Most Austrian people can speak English. The main language in the hospitals is German though. Doctors are generally willing to explain things in English to you, but most of the time they speak German with the patients. This is to be sure there is no misunderstanding. So prepare yourself, that you probably won't understand everything that is going on. Remember though that the doctors are taking you as much in account as possible, but that it is not always possible to talk in English and especially not always possible to explain everything. There are many Austrian doctors that find it too stressy to take time to explain things, so sometimes it is rather a question of attitude than of language skills, so you have to be lucky to find the "good guys" and stick to them! Important is that you should really introduce yourself to every new person you see the first time, was it a doctor or a nurse. Just say "Hi, i am ..., a medical student from ...!! I am here for a month for an exchange because ..."
Where you stay will depend on the LC and the time of the year you are coming to Austria as well. Please check the pages of the different LCs. Some offer student dormitories, others offer student housing with families or other students.
In the dormitories there are single- and double-bed rooms and each room is equipped with a bed, a desk and a wardrobe. There is one kitchen on each floor, which all the students who live on this floor can share. Some kitchens are equipped with dishes and kitchenware, but in some units there is nothing like that. So take no risks and bring your own stuff with you, if you don’t want to eat at the hospital.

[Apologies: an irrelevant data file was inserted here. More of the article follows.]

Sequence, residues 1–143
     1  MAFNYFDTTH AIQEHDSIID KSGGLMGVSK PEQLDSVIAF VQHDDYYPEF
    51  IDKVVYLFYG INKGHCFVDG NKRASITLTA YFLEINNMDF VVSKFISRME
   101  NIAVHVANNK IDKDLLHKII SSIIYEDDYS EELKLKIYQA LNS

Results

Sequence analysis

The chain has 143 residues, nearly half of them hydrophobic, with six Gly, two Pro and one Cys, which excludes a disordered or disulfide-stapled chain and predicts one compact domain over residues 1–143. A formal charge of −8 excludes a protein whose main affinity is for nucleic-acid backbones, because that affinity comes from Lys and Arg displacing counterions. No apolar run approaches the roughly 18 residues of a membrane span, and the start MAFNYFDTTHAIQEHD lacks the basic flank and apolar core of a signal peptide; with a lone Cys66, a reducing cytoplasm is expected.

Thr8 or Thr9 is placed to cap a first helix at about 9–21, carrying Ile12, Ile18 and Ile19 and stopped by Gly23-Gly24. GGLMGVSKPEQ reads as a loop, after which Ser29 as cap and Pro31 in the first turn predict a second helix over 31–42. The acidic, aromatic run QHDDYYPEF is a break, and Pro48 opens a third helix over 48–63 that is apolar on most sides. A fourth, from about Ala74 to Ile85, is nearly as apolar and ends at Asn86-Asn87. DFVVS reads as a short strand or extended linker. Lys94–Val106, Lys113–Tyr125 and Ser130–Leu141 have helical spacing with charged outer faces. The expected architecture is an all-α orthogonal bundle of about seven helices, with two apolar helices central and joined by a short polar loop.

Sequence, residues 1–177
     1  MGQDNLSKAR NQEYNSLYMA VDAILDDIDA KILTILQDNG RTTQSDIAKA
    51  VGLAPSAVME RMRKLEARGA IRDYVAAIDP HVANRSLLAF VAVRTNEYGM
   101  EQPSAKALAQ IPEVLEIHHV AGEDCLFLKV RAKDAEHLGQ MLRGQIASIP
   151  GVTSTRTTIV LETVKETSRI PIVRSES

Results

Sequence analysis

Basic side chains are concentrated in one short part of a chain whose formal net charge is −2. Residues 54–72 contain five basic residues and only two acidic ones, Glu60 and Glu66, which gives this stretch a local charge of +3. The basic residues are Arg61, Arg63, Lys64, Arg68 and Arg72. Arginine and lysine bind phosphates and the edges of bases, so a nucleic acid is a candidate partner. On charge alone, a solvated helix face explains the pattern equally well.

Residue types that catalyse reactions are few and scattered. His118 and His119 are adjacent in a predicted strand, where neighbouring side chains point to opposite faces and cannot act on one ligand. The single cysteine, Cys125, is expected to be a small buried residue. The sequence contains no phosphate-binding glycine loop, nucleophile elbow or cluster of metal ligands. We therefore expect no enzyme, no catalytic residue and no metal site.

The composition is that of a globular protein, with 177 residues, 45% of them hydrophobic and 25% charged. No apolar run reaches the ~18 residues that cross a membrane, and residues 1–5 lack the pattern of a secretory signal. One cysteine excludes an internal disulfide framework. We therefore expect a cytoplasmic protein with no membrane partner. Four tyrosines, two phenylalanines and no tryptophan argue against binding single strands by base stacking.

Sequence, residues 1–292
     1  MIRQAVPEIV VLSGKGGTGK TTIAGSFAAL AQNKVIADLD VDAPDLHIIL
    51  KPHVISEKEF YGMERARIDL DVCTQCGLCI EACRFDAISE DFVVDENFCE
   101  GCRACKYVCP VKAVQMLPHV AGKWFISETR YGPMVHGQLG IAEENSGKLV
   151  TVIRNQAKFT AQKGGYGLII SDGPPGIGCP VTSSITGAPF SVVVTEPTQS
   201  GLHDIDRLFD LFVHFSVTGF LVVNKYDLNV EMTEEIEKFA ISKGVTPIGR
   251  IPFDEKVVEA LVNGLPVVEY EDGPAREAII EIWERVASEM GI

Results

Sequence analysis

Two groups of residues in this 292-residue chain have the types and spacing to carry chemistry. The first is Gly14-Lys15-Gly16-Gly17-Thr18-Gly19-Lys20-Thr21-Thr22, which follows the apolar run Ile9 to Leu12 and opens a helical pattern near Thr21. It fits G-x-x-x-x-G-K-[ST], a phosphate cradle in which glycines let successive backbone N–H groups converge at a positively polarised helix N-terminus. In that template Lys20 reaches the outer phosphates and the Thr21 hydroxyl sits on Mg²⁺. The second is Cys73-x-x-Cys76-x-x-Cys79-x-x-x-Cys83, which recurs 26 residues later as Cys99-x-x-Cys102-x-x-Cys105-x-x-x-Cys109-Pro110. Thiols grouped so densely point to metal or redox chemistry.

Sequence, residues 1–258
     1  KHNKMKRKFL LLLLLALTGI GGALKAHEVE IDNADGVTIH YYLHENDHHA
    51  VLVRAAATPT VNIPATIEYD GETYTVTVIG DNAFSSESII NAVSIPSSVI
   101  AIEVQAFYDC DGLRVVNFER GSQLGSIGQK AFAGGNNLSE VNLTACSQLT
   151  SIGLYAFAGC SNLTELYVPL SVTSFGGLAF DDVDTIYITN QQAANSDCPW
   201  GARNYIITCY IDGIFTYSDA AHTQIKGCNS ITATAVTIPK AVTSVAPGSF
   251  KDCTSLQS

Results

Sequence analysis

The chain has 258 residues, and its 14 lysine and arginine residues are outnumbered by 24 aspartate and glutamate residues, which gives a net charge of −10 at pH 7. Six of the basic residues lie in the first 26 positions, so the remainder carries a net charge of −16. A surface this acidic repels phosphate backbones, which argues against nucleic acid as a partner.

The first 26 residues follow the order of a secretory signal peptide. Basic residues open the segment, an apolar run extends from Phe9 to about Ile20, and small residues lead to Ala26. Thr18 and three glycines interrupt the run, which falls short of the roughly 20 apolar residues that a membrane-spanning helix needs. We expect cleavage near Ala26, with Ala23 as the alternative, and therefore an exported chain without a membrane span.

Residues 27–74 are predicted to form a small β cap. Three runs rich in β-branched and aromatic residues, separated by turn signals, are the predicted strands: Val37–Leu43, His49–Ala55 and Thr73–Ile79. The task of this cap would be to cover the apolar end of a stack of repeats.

Concerning the boarding, you will get either money in cash or uploaded on a card, so you can eat at the hospital's own canteens, which are good for their prices.
The social programme depends on the local committee you are going to. There are some events, which will be organised by the Local Committees in cooperation with AIESEC and IAESTE - especially check out http://www.vienna-weekend.at/
If you want to explore our country on weekends, we would recommend you our public train, which is clean and comfortable. At an average speed of 100 km/h you can reach a lot of interesting places within a very short time! A journey from the far east to the west end of Austria would take about 8 hours (800 km). You can get information about the train system under: http://www.oebb.at/en/index.jsp